Its gold plated because it has to survive the battlefield.


In IAF hands it will do wonders.

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Re: Indian Military Aviation - 21 Sept 2015

Postby rohitvats » 29 Sep 2015 20:01

shiv wrote:<SNIP> Nothing like the real thing, but it's something maybe to remind you of your childhood - you can see some treetop flying here only 1.5 minutes<SNIP>


Thanks! :D

I'm talking about early 90s and the Hinds used to be that yellow-green pattern. The section in first video between .34 - .38 seconds shows them flying very low and you can make out the height in context to vegetation; the chaps used to regularly get down this low. And scare kids playing cricket :mrgreen:

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Re: Indian Military Aviation - 21 Sept 2015

Postby Karan M » 29 Sep 2015 20:12

rohitvats wrote:
Karan M wrote:<SNIP>Wow!! How low did the Jags and MiGs fly? Were they at 30 ft too? Anazing post.


Karan - typical army accommodation is in form of a 2 x 2 matrix. Two houses on ground and one above each. So, total height for the roof should be about ~30 feet. I guess you could add another 20 or so feet to it...As I said, we could clearly make out the upper torso and the oxygen mask of the pilot. So, it should be around 50-60 feet.


Brilliant data point/s - yours and shivs. How many AFs in the world routinely train, with eyeball and skills Mk1, no fancy TFR to fly and fight at 50 ft?
There are pics/videos of joyrides in the African desert or uninhabited flat areas of low flying fighters. What you are describing is an order of magnitude different.

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Re: Indian Military Aviation - 21 Sept 2015

Postby Karan M » 29 Sep 2015 20:16

Vivek K wrote:Philip always likes to put down domestic efforts and that is unfair. Domestic development is full of risk - funding whims of the government of the day due to IMF diktat, brochuritis of IAF and IA leading to unrealistic tasks and decades long testing (Arjun/Akash....). So if the funding holds out, the user may not and if the user is interested, the funding may be delayed.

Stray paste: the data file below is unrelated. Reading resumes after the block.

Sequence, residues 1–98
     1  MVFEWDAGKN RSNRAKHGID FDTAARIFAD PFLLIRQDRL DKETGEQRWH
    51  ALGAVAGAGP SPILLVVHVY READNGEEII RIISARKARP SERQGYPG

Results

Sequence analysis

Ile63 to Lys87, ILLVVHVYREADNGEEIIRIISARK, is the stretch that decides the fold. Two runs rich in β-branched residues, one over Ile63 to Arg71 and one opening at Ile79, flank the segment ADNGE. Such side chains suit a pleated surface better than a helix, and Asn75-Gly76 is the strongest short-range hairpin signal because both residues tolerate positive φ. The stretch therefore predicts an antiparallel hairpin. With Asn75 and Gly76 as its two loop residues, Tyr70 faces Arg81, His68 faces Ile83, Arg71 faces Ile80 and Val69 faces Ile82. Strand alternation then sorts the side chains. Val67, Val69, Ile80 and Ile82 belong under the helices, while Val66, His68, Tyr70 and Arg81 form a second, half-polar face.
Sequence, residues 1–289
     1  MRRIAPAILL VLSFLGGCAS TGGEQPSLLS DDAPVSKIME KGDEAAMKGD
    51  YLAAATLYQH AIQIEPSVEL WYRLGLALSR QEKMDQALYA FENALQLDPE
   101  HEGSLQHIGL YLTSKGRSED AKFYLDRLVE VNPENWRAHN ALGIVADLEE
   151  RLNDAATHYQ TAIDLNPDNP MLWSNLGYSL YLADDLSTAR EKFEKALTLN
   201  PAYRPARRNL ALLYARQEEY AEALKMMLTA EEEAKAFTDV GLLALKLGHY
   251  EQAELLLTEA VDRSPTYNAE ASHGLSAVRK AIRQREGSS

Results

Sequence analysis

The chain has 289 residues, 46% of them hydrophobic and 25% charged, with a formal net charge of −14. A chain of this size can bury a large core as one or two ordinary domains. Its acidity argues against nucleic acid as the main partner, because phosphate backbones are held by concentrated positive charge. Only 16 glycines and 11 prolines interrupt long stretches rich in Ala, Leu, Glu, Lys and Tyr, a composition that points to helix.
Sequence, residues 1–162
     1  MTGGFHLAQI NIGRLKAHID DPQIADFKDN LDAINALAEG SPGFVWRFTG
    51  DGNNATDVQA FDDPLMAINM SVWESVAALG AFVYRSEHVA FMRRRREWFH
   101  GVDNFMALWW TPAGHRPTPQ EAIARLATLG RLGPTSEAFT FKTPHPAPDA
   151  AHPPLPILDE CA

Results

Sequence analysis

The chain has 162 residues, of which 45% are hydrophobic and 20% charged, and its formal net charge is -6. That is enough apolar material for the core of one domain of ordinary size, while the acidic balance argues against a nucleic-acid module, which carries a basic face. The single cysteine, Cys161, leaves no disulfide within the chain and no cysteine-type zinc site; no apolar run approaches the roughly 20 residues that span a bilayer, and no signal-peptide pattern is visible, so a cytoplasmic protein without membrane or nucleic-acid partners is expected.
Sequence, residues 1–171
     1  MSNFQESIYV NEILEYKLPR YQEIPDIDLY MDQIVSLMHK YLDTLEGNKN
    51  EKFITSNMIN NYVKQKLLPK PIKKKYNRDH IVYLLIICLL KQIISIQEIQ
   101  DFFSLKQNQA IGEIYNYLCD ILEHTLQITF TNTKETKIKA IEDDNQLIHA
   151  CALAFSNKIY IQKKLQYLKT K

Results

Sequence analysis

This all-weather criticism by some posters and unashamed praise of foreign products is ridiculous and disgraceful to the efforts of a proud nation.


Put him on ignore and you'll be better off for it.. he clearly knows diddly squat about the topic or for that matter most tech topics and just copy pastes drivel in a repetitive fashion.. UAV/UCAV development from the subsytems up is no joke and that very same defense update mentions in another link it took Israel 15 years to get to the capability despite its investment in UAV systems from much before.. Philip as usual in his cherry picking will ignore all that or won't be able to even understand such things, the world of copy paste is good enough, not the world in which you develop everything from actuators to gimbal assemblies and then iteratively improve.. in other words, there are people who do things, folks who actually do things.. and others who stand by and wail, bark, caterwaul.. best to let them be.

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Re: Indian Military Aviation - 21 Sept 2015

Postby arshyam » 29 Sep 2015 20:41

rohitvats wrote:Or, taking a ride in Arjun tank when they first joined the 43rd Armored Regiment.

Rohit saar, come on! You need to do a write up on this! (or if you already have, pliss to share)

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Re: Indian Military Aviation - 21 Sept 2015

Postby manjgu » 30 Sep 2015 07:14

i have also seen jags fly below a overhead tank in punjab... it came low and fast and disappeared in a flash...

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Re: Indian Military Aviation - 21 Sept 2015

Postby rohitvats » 30 Sep 2015 09:31

arshyam wrote:
rohitvats wrote:Or, taking a ride in Arjun tank when they first joined the 43rd Armored Regiment.

Rohit saar, come on! You need to do a write up on this! (or if you already have, pliss to share)


I think I shared my experience on the Arjun dhaaga many moons back...the last time we had the major Arjun-Tin Can war; Brig RayC used to post on the forum. I earned my spurs on BRF during the last 'Arjun Wars'.

Will put together something soon...but the best part of having a joyride in (and on) Arjun was it came few weeks after I'd been in a T-72, T-55 and Vijayanta. And the whole thing was a world apart!

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Re: Indian Military Aviation - 21 Sept 2015

Postby KBDagha » 30 Sep 2015 09:40

I have seen Jags, Mig-27 and Mig-21 very low level flying when visiting my native place... Best was all black Mig-21 low level flying near dry river basin...

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Re: Indian Military Aviation - 21 Sept 2015

Postby Singha » 30 Sep 2015 09:49

i saw a video where in a pair of Hinds attacking some target in AF. they were flying like a pair of CAS aircraft would do.
one would climb high and dive steeply, firing its weapons....and then climb steeply again to circle back...as it exited, the 2nd one would dive and attack.